He probably has a horrible time figuring out why he has to listen to teachers/principals/etc especially if they seem ignorant to him (or stupid, as our kids are more likely to phrase it). Wiz had some real problems with this. My mom finally got through to him by telling him it was a game. If you can figure out who is making and enforcing the rules and do enough to stay off their radar then you can get away with a LOT more.

    It isn't a "nice" way to put it, but it made sense to my Aspie. Esp because he loves to put one over on an adult.

    You are likely going to have to prioritize what circumstances you really want to battle on. Bear in mind that all the shirts and notebooks etc.... with the rude sayings do NOT help Pervasive Developmental Disorder (PDD) kids at all. If it is OK to wear a shirt that says "You made me throw up a little" then why isn't it OK to tell Grandma that?

    For a LONG time I would tell Wiz that he had to be "Grandma Polite" when we were at X or Y function/dr visit/whatever. My mom is a total manners nut. He is extremely close to my parents and often would do things for them that he would not for us. I had a short list of what "Gma Polite" meant. We talked about it before we left, on the way if it was a longish drive, and then again just before we got out of the car to walk in.

    I did not use it often, probably not more than 3-5 times a month. It didn't work perfectly. If he was riled up or overtired or hungry then we would go home if he just wasn't capable of doing what we needed him to do. Or if one of us had to show up, the other parent would take Wiz (and other kids after they were born) and go to a park or somewhere to pass the time with-o bothering people.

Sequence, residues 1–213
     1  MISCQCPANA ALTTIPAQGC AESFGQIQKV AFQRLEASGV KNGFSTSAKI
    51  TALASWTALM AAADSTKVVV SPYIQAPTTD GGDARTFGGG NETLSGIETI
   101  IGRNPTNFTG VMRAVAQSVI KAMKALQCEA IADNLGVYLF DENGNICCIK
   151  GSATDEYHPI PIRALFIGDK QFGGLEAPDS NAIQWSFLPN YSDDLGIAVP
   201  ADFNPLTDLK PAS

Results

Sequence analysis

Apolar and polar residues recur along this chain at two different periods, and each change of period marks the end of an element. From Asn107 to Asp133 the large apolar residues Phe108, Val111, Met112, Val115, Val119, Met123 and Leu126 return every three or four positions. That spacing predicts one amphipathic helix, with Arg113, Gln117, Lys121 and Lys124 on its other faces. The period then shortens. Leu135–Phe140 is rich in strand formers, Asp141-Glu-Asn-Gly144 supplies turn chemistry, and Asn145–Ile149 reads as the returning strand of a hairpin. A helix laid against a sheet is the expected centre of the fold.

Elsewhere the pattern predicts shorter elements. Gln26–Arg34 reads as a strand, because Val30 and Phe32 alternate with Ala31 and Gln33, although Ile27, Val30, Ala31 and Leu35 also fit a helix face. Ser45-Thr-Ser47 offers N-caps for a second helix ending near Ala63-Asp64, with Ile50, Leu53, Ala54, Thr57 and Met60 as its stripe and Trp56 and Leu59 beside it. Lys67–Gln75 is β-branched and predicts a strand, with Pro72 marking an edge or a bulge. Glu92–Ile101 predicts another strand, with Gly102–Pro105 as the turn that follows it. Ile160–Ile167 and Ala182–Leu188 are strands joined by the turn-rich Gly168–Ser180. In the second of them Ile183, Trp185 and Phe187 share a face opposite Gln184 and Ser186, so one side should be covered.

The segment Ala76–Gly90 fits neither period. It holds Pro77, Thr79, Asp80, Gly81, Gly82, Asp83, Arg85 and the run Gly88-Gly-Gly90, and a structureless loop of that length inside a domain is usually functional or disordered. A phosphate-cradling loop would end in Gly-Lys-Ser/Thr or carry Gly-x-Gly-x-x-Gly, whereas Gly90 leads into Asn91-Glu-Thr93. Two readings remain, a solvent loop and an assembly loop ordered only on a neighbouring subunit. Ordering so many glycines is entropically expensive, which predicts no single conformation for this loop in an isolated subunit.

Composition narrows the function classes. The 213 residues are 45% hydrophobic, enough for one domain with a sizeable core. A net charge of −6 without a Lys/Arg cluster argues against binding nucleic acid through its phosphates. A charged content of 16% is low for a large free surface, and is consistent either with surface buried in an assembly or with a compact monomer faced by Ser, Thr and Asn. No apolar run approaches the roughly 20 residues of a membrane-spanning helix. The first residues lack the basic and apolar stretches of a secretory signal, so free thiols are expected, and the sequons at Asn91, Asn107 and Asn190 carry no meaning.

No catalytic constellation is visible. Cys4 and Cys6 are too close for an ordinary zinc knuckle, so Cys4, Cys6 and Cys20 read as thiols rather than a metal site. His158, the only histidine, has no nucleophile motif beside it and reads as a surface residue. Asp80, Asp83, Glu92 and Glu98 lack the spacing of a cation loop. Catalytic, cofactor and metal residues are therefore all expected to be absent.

If he did a great job I would often call my parents to brag.

    This helped. He never really seemed to process/understand praise we told him. If we told it to someone else it seemed to matter. If we just told him then it didn't even exist. So I made excuses to call and brag every time I could.

    I chose to look at outings as training. I would make sure I had $5-$10 in singles for tips and off we went. It might be a museum, grocery shopping, the farmer's market, almost anything. I let him know what I expected every time. If he was reasonable polite we did or bought some special thing. Never more than a dollar or two, often just an activity, but it trained us ALL. husband, Jessie and I were trained in how to not escalate him, to ignore other people, and to tip VERY well. Not just servers - I tipped cashiers, stock people, anyone who helped us. Wiz learned more socially correct behavior.

    Once he was more motivated by $$$ I used the tip money to help motivate him. If he was polite to people then I didn't have to tip them (or me for having to deal with the situation). This meant he could have the $$ I set aside for tips. It was never more than $5 that he got, usually more like $1. I didn't tell him a number ahead of times. If I did, he would calculate how much he needed to buy whatever and then he would act poorly up to the point it would cut into his $$. This calculation is a major part of why I tipped myself and the rest of the family. If he could be that calculating then so could I. He also needed to learn we are people, not just extras in the movie of his life.

    I hoep some of this helps. It is mostly stuff I figured out by trial and error, or my mom suggested, or I saw in a magazine or learned from other parents here on the board.

    Most important is to develop that rhino skin armor. It really helps keep YOUR anger and frustration in check.
  7. JJJ

    JJJ Active Member

    This is exactly what we are working on with Eeyore!